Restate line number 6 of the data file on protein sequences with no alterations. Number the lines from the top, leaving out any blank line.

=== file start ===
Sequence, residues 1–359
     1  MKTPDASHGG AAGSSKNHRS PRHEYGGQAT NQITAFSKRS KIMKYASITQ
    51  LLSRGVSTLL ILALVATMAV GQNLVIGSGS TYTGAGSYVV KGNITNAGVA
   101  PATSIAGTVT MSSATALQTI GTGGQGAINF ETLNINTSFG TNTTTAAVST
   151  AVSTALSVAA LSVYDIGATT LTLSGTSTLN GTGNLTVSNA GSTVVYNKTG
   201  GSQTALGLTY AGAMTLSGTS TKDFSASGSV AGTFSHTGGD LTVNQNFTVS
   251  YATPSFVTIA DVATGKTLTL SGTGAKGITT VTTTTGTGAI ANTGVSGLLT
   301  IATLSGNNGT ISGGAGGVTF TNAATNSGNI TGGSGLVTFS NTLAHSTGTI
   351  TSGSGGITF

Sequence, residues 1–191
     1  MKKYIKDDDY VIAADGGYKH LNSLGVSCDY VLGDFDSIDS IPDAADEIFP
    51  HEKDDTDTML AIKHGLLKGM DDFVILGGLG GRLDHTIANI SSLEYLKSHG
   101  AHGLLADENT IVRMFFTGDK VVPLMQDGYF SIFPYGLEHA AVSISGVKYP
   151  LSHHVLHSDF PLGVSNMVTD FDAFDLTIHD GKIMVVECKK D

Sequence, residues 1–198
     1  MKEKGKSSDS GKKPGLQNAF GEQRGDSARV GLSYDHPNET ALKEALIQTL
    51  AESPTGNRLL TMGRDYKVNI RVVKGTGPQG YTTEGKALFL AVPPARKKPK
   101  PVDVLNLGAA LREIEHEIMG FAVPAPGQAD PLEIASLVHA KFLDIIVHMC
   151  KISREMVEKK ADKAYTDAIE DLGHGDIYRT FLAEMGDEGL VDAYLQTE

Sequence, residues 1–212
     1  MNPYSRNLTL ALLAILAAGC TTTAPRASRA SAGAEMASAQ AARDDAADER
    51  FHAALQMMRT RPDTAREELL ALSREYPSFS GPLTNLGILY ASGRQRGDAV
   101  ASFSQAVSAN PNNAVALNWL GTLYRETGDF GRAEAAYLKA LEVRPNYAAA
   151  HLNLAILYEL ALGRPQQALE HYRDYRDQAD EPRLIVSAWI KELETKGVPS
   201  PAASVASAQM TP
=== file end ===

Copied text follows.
   201  GSQTALGLTY AGAMTLSGTS TKDFSASGSV AGTFSHTGGD LTVNQNFTVS